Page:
Market reports from across the country this week have made for interesting reading and it seems the pick of the trade has been the cull ewes, with the best meat ewes making up to £150/apiece.
This price was paid at Melton Mowbray on Tuesday, with St Boswells on Monday getting as high as £140 and Carlisle on the same day reaching a top call of £143.50 and the entry levelling at an impressive £98.50.
At Newark on Wednesday the short entry sold well with Mules making up to £90.
This is a fierce trade for cull ewes and for many of these sheep they will have appreciated in value since they were bought as shearlings rather than depreciating. In fact in some cases it looks like breeding sheep could have been bought for less money last autumn and be sold as culls now to turn a profit.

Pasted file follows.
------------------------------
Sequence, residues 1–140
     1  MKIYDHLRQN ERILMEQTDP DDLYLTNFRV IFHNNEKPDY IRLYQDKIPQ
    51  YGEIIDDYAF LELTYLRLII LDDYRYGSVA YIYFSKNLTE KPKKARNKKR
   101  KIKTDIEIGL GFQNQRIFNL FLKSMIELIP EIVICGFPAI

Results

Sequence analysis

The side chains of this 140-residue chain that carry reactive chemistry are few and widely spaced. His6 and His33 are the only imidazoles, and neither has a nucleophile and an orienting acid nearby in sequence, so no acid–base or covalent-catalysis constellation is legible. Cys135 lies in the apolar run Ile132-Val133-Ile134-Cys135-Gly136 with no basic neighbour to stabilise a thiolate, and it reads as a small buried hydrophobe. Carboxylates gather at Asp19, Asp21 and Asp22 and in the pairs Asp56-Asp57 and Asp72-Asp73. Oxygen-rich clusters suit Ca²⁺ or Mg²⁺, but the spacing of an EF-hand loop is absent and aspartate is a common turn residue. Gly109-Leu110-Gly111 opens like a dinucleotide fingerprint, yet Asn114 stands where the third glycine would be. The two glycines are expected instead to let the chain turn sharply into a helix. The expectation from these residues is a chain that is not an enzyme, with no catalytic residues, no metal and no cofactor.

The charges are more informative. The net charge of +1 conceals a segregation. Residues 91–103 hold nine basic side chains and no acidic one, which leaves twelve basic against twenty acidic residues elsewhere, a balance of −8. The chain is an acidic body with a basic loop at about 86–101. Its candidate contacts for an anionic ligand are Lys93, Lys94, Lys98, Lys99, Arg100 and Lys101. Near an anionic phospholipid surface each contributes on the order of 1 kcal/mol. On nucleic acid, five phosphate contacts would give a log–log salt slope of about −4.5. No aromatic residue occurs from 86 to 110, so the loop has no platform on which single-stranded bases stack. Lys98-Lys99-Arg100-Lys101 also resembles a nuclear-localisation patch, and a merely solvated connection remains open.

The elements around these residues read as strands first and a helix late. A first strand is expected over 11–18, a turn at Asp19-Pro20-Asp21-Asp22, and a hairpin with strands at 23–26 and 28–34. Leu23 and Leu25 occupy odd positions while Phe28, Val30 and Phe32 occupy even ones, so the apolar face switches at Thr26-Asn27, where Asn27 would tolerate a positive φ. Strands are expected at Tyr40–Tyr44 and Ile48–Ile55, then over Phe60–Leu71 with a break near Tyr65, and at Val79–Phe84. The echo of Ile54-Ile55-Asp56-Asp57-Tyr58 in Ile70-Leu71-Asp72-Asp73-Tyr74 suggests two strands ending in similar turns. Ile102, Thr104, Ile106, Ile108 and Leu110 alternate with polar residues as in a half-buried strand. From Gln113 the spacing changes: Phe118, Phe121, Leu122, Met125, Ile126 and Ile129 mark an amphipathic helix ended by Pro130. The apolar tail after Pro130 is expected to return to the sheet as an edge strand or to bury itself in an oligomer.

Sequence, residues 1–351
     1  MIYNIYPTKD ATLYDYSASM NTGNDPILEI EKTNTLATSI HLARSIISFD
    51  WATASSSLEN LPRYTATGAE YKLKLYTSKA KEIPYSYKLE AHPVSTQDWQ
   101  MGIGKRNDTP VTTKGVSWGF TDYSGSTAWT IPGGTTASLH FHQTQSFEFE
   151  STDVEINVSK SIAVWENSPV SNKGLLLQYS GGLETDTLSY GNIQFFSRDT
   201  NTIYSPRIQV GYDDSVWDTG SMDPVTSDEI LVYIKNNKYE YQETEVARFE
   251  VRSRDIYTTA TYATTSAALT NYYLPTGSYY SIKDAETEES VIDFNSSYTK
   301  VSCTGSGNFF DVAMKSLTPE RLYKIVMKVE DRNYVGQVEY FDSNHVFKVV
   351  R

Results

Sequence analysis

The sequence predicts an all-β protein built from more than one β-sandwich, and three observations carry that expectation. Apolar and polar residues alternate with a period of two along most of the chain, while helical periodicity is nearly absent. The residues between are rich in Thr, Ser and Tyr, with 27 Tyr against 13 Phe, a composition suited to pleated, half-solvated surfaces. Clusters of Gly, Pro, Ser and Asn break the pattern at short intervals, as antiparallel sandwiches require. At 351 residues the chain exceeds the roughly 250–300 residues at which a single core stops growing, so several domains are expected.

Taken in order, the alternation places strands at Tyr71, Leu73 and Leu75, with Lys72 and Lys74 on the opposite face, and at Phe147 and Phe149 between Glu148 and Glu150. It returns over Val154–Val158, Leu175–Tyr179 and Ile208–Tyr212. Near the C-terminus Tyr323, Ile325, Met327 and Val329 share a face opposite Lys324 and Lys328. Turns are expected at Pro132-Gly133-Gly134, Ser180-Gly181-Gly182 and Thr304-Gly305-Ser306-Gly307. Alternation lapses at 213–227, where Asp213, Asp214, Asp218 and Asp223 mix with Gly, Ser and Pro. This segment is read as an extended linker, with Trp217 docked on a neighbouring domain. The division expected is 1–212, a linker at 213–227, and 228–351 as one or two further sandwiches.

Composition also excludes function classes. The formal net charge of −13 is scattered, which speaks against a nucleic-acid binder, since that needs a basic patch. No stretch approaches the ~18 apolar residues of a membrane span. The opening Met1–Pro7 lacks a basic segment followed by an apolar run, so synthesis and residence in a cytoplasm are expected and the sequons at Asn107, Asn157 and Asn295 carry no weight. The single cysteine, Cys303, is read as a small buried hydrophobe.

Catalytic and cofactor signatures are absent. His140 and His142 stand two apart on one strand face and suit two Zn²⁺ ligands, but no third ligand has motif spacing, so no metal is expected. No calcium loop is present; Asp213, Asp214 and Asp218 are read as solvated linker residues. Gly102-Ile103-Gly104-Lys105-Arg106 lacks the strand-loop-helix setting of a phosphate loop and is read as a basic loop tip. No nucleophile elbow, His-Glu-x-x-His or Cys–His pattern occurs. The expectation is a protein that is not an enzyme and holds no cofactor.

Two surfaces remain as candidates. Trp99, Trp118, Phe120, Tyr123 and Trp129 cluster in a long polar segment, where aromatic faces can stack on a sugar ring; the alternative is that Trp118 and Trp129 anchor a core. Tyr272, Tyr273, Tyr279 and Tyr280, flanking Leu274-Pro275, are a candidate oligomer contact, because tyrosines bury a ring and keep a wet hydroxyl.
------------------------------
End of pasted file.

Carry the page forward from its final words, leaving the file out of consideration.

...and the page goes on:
Admittedly this is the extreme end of the market, but it may prompt another rash of in-lamb ewes being sold as culls rather than being lambed. I’ll not go into the morals of this practice as its a divisive issue, but with the lamb trade likely to remain strong throughout the year surely these ewes would be worth more once lambed and sold with their lambs at foot?
The prime lamb trade at the beginning of the week was also hot, with a top call at Carlisle of £111.50 and an entry which averaged 196.50p/kg. St Boswells, meanwhile, averaged 197.6p/kg and topped at £93.50.
Prices at Melton Mowbray on Tuesday went as high as £101.50 for 46kg entries and the day’s 2300 lambs sold to average 192.87p/kg.
So far, so good for the sheep trade and with store hoggets reportedly still selling well, sometimes to prices in excess of £70, there appears to still be plenty of optimism in the trade.